Vasco Croft’s Winery in the far North not so far from from the ancient forest of Geres.  A working winery now that seeks to have some Permaculture inserted.  Soil biology work, food forests, natural building, and the like.  It’s a long-term project.

Castello di Cucanga and Stremitz, Italy

This Gallery comes from a castle and village restoration project from a students family in the north of Italy near the Slovenian border.  After 30 years of work, half the village has been restored as well as other cultural artifacts.  Plus the castle is getting its finishing touches in the next year.  The project will be turning more and more into Permaculture and Livia will be creating a traditional skills school to help keep traditions like building with stone or making tapestries alive.

 

Dominican Republic Course for end of 2012

Form More information on our 8 Day intro and extended Design Session: CLICK HERE

Terra Mae, picture update

here are some fall pics after the rain has started of terra mae, Almocageme, Sintra, Portugal.  Great food forest that the plums are thriving on, the nectarines pumped out fruits on and the tamarillo’s were oh so delicious!!!!!! great earthworks and soil biology restoration work.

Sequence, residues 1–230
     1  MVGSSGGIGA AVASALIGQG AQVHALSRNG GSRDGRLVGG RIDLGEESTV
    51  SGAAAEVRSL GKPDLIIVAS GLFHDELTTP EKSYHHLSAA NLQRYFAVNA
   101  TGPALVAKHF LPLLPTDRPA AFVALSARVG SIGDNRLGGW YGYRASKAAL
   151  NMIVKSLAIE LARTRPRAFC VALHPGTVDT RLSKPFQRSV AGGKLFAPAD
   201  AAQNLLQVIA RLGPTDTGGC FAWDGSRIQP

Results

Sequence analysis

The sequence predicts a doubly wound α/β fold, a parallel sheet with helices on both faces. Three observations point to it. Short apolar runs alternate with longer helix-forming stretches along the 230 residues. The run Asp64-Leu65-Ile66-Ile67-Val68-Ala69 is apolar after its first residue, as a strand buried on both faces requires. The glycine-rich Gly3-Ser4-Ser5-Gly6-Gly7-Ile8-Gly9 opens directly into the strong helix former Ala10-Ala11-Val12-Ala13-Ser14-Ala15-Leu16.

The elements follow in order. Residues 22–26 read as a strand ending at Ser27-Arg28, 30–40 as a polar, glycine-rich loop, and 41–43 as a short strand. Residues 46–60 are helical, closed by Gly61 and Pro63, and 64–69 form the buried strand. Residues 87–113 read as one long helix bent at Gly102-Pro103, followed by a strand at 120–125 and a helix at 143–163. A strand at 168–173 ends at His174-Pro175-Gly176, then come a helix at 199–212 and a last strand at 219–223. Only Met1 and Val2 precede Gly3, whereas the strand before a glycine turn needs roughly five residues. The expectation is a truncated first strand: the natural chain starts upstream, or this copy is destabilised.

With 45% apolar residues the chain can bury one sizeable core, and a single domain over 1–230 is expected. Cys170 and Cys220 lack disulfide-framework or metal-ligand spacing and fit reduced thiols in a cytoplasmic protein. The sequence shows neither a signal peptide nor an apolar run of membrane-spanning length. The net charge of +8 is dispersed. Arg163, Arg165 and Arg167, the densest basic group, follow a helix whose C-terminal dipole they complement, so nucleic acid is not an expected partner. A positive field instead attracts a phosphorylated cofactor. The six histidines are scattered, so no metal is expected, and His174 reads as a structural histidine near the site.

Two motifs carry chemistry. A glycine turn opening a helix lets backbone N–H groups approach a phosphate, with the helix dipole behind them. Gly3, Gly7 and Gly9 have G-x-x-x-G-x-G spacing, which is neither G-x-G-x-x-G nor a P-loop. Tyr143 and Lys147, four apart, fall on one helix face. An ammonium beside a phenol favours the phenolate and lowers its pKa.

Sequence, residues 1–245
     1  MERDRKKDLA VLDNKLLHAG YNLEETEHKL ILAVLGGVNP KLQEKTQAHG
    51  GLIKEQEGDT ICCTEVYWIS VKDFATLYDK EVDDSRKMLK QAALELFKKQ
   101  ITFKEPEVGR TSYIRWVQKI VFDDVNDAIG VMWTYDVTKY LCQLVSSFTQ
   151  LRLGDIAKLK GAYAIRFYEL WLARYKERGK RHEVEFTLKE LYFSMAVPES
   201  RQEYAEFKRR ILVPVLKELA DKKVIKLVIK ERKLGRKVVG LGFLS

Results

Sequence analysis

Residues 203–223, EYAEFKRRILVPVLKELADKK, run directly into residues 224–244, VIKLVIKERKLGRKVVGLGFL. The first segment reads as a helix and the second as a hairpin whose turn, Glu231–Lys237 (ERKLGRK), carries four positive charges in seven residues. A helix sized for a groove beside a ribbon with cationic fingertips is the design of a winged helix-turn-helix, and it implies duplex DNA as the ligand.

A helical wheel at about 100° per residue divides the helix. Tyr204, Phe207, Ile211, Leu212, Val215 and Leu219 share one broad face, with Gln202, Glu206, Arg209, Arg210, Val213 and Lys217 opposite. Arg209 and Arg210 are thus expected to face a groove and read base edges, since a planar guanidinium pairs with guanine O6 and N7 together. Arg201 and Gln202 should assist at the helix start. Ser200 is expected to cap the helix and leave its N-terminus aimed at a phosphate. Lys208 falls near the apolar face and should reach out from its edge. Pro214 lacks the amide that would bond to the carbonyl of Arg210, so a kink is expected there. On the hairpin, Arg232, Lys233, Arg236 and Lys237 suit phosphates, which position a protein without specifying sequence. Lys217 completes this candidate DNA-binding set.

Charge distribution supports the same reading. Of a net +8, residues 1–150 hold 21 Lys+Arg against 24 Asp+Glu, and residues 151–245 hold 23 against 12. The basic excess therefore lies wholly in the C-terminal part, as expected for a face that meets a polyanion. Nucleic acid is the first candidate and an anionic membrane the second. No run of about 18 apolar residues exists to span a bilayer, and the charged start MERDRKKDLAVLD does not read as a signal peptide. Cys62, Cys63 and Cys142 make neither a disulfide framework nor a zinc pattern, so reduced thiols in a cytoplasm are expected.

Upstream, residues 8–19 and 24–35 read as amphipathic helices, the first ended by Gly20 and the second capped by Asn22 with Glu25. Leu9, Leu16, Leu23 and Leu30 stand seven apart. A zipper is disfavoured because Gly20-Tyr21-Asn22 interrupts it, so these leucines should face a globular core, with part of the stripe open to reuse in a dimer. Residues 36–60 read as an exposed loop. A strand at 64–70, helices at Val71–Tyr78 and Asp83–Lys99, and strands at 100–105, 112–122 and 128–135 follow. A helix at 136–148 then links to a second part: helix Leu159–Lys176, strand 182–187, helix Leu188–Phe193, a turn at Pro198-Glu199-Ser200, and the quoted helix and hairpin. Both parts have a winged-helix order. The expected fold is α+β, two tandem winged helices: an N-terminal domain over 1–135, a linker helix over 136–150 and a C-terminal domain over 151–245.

New Host site Picture Blog: Taino Farm, Caberete, Dominican Republic in association with Extreme Hotel

Taino Farms in conjunction with Extreme Hotel will be hosting us in the coming months on several occasions, here is some pics and the course posting will soon follow.  Exciting opportunity to help bring the farm-to-table mission closer to fruition and have the pleasure of tropical permaculture.

A New Format

At TreeYo permaculture, we are alwasy trying to revamp our website to reflect the patterns in nature and increase reader usability.  We hope this new format proves to be more useful by allowing us to use the blog format while also having a static homepage.  Let us know what you think.  Cheers